Fun Flower Facts

Why Do Flowers Smell?

October 30, 2015

Stop and Smell the Flowers

We all know that flowers are one of the greatest scented gifts you can give and are one of the best ways to add a delightful aroma to your home, but do you really know why flowers give off certain smells? Although you may just assume that flowers smell “because they’re supposed to,” there is tons of research behind it that truly explains why this is so. Want to find out? Below, we’re breaking things down for you to give you a better understanding behind the magic of your favorite blooms.

Girl Smelling Pink Flower

Why Do Flowers Have a Smell?

Before we really dive into the science of flowers and their scents, let’s touch a bit on the basics, shall we? First and foremost, one of the most important things to know is that flowers rely on bugs, insects, even some animals, to spread their pollen (a.k.a reproduce), “communicate” with other plants (if you will), and for some, attract food. That’s right – while you might view creepy crawlers and small furry friends as pesky little critters taking over your garden, they are a lifeline for what’s in it! With that being said, one of the primary reasons that flowers give off the scents that they do is so that they can lure the insects and animals they need to complete the three tasks we listed above.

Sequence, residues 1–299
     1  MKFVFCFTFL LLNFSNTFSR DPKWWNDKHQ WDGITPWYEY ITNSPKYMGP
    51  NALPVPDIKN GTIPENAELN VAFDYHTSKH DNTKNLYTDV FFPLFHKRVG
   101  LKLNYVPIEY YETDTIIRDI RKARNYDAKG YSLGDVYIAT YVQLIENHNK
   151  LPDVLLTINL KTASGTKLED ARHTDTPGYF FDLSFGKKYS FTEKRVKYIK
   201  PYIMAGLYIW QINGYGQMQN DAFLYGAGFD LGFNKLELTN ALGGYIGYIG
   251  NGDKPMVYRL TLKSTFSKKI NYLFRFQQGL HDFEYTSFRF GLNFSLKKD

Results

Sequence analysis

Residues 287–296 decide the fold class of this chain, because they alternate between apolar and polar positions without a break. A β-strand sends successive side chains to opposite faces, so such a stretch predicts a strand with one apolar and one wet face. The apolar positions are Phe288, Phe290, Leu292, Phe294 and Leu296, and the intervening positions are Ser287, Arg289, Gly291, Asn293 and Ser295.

The Science of Smelling Flowers

But why do different flowers have different smells? And where do they come from? The answer is pretty simple! In order to attract the right pollinators, each flower must produce the scent that their specific target is drawn to. For example, bees are attracted to sweet smells, which is why they are naturally enticed by roses! In terms of how the scent comes to be, it’s all about the chemicals. Often produced in a flowers’ petals, the combination of chemicals present gives off a certain smell when released by the plant. The main cause of their difference has to do with the length of carbon chains, as well as the various other atoms that can be found, within each flower.

Bee on Flower

Now that you know the primary reason why your favorite flowers smell, let’s take a look at some specific examples and go over their scents:

Roses:

Roses are one of the sweetest smelling flowers there is! And although they may all seem to smell the same, the truth is that no two roses produce the exact same scent; they’re all just a teeny bit different in their own way. One thing that we’d like to point out particularly about roses, though, is that as one of the most popular scents, it is often used in products like candles, perfumes, soaps, lotions and creams! Aside from flowers, what’s your favorite way to experience the sweet smell of a rose?

Red Roses

Lilacs:

A flower often associated with spring, lilacs are one particular species that produces a pretty intense smell, but it is a sweet one at that! And although the degree of sweetness may vary depending on the type of lilac you come across, the fact that this flower is sweet in nature will always stay the same.

Lilies:

Similar to lilacs, lilies are known for the way they produce a super strong smell – if you walk past one, you’ll know it’s there! In fact, some sources would say that their scent is strong enough to take over an entire garden. Although the scent may be sweet, if you’re a bit sensitive to smell, you may want to keep an eye on how many lilies you have around the home in order to prevent their scent from becoming overpowering.

Pink Lilies

So what do you think? Are you surprised behind the reasoning behind flowers and their scents or did you see it coming? Either way, the next time you can’t keep your nose out of a bouquet or floral arrangement, we hope you’ll remember why the scent is really there – it’s not just to please you, you know!